Tag Archives: class

Portuguese Knitting

The other day, at Knit Fit, I took a class from Lisa Ellis (if you live in the PNW and get a chance to take one of her classes- do it!).  And in it, I learned two things:

  1.  How to spell Portuguese.  (Did you know it has two u’s in it?)
  2.  How to knit in the Portuguese style.

Have you ever seen someone knit like this before?  It’s crazy!  I’ll try to explain it, but I can’t promise it’ll make sense:

You have your ball of yarn on your right side, and kind of weave the yarn through the fingers of your right hand, then wrap the yarn over your neck or through a pin (like this one) attached to the front of your shirt. OLYMPUS DIGITAL CAMERA

Then, instead of throwing the yarn like you would while knitting continental, you kind of… flick the yarn with your left hand.

It blows my mind.

Here’s a video (if you want to teach yourself, this YouTube-er has some pretty good videos, but they’re not all in English):

The craziest thing about this style of knitting is that you end up knitting inside out!  Since your yarn is basically tied to the front of your shirt, it’s hard to get it behind your knitting (for the knit stitch).  So, since it’s so much easier to purl, when you’re working in the round, you just purl all the time!  I started making a hat, and it’s inside-out!

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Then, when it’s finished, I’ll turn it inside-out!

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And, bonus, knitting stranded color work inside-out like this means that you don’t have to worry about your floats making the fabric all pucker-y.  Don’t ask me how- it just works!

Magic!

Have you ever done Portuguese knitting?  What style do you like to knit?

Knitting with Kids

Almost a month ago, I spent the week teaching a beginning knitting class to a group of 10 school-aged girls (ages 7-11).   I couldn’t wait to see what would happen.  I’ve taught people to knit before (but always grown-ups), and I’ve taught kids before (I teach sewing lessons as my day-job).  But, this would be an interesting new experience.  I was excited, but also oddly nervous.  Would they be able to do it?  Would they like it?  Would they get too frustrated?

Here are some things that I learned:

1.  Fine motor skills are definitely needed for knitting.  I don’t think any of the girls under 8 really “got” knitting, which is too bad.  I just hope they remember that knitting is fun, the next time they try it.  It also makes me wonder about those stories you hear of girls in Ye-Olden-Times, who learned to knit at the age of 4 to help their mothers with keeping the family clothed.  Maybe olden-time-y girls had better dexterity, but that seems unlikely.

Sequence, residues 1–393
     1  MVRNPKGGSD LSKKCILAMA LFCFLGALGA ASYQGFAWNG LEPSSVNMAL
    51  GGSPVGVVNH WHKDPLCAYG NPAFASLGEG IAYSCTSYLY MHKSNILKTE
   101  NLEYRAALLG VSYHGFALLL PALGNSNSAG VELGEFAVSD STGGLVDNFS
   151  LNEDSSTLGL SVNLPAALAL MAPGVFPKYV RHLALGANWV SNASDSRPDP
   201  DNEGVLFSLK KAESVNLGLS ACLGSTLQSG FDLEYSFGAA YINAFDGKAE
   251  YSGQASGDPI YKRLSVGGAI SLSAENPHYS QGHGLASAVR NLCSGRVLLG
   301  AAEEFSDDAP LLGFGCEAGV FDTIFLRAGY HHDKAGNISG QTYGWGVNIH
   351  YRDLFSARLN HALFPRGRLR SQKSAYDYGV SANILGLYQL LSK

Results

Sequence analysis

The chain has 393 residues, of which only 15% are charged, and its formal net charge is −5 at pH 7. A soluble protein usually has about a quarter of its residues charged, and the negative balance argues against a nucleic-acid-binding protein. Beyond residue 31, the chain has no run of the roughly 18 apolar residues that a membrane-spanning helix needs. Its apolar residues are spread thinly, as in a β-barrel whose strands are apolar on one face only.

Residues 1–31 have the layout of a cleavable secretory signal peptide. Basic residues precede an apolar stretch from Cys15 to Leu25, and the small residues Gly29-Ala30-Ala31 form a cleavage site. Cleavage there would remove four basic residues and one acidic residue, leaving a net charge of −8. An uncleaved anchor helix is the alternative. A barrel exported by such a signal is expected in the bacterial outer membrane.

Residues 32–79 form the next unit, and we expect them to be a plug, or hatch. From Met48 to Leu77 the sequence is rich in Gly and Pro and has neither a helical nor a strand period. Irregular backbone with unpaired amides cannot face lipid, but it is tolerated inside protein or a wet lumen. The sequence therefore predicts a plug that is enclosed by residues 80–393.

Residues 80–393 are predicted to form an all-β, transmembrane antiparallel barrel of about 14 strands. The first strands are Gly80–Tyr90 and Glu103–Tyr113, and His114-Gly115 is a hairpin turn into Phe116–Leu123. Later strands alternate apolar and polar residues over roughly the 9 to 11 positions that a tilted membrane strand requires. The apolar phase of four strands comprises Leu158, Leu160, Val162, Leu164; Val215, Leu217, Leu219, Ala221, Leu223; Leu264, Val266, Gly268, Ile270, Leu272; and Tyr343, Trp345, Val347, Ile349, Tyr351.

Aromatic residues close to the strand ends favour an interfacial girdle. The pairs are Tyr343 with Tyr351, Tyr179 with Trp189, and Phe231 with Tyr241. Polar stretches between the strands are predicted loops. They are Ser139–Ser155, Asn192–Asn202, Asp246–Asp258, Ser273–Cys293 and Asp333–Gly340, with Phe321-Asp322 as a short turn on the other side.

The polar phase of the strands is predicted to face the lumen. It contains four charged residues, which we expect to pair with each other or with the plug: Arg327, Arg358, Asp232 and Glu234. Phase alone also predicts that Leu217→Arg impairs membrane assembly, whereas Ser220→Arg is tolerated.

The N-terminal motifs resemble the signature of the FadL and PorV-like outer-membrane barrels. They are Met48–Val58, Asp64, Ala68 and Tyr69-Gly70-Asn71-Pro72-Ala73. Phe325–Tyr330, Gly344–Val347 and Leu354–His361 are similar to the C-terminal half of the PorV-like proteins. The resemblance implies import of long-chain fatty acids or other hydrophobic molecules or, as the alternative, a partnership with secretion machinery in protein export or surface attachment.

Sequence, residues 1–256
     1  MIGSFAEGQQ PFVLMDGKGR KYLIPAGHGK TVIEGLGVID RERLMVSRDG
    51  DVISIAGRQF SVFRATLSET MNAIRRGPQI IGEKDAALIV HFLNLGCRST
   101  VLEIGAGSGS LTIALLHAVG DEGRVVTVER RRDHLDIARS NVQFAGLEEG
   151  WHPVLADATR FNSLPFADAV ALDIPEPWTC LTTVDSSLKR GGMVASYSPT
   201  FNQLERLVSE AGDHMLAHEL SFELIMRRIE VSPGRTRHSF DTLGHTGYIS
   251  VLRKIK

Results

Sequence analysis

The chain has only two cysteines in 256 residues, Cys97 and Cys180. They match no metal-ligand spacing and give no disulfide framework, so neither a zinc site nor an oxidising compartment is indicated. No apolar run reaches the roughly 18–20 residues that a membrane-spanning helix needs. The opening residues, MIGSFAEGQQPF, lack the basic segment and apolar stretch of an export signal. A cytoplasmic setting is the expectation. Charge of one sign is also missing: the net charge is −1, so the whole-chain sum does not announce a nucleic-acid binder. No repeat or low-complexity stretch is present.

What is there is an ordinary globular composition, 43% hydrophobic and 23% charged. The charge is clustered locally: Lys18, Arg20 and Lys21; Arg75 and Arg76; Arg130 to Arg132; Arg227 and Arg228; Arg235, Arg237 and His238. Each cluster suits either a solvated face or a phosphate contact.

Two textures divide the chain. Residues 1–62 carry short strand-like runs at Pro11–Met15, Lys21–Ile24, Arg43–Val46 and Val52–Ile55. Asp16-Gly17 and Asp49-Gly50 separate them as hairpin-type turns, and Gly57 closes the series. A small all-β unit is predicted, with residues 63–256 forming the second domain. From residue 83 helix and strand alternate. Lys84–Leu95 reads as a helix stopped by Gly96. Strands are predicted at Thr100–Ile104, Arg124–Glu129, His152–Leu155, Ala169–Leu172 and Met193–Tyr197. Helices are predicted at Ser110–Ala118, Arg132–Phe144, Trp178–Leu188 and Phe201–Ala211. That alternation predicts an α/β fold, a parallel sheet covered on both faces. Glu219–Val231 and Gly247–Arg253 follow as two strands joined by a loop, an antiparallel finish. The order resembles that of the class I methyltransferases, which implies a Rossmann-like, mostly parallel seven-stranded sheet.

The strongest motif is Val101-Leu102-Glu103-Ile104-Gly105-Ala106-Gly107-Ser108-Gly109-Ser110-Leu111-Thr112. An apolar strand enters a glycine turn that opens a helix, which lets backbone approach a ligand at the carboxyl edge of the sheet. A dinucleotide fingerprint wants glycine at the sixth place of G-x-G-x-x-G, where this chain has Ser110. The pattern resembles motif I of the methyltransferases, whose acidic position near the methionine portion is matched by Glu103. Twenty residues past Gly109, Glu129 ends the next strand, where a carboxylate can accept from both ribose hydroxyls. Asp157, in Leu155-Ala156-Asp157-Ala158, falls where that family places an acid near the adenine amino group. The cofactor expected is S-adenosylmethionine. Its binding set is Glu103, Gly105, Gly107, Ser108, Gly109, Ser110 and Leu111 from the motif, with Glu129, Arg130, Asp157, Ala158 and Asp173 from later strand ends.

2.  Focus isn’t really a problem, when the kids are excited about what they’re making.  My girls complained and whined when they had to leave class for recess!  It kind of made my day to hear them all go, “Just let me finish this row!”

3.  Except when focus is a problem.  Sometimes the chatting got a little too much for the girls, and that’s when they’d start adding extra stitches, dropping stitches and otherwise causing themselves problems.  But that’s not really a kid problem.  Everyone messes up their knitting when they get distracted.

4.  Nothing is better than when a difficult, new skill “clicks” with a kid.  They get all excited and giggly and proud.  One girl had never picked up knitting needles at the beginning of the week.  Her first project was more hole than knitting, and her second project looked sort-of like knitting, albeit a little wonky.  But halfway through her third project, you could actually look at her knitting and see the row where she finally figured out  knitting.  It was amazing.  She got so excited, and told me that she had even gone to JoAnn’s the night before to pick out her first pair of knitting needles and her first ball of yarn.

5.  Knitting is a slow process, and sometimes kids need someone to push them a little bit.  I didn’t force anyone to work on a project that they didn’t want to do, but there were definitely a couple times when one of my girls wanted to stop halfway through a project, and I gently suggested that they kept going.  Once they got back in the swing of things, they’d invariably finish the project.  When kids are used to instant-gratification, working on a single project for a whole day (or two or three), can be a test of their patience.

6. The best part of knitting, whether you are a kid or a grown-up, is sitting around with your friends and shooting the shit.  I ran my class like a knitting circle, helping one kid at a time with their projects, while everyone chatted.  I had a few super-basic projects for everyone to start with  (a garter-stitch book mark, a garter-stitch headband, a garter-stitch bracelet…see a pattern?).  But, everyone worked on their favorite pattern at their own speed, chatting and helping each other out.

I hope that I sparked at least a couple of the girls to take up needles and do some knitting on their own.  But even if they never knit again, I think everyone had a fun week, and at least walked away from class thinking that knitting is pretty neat.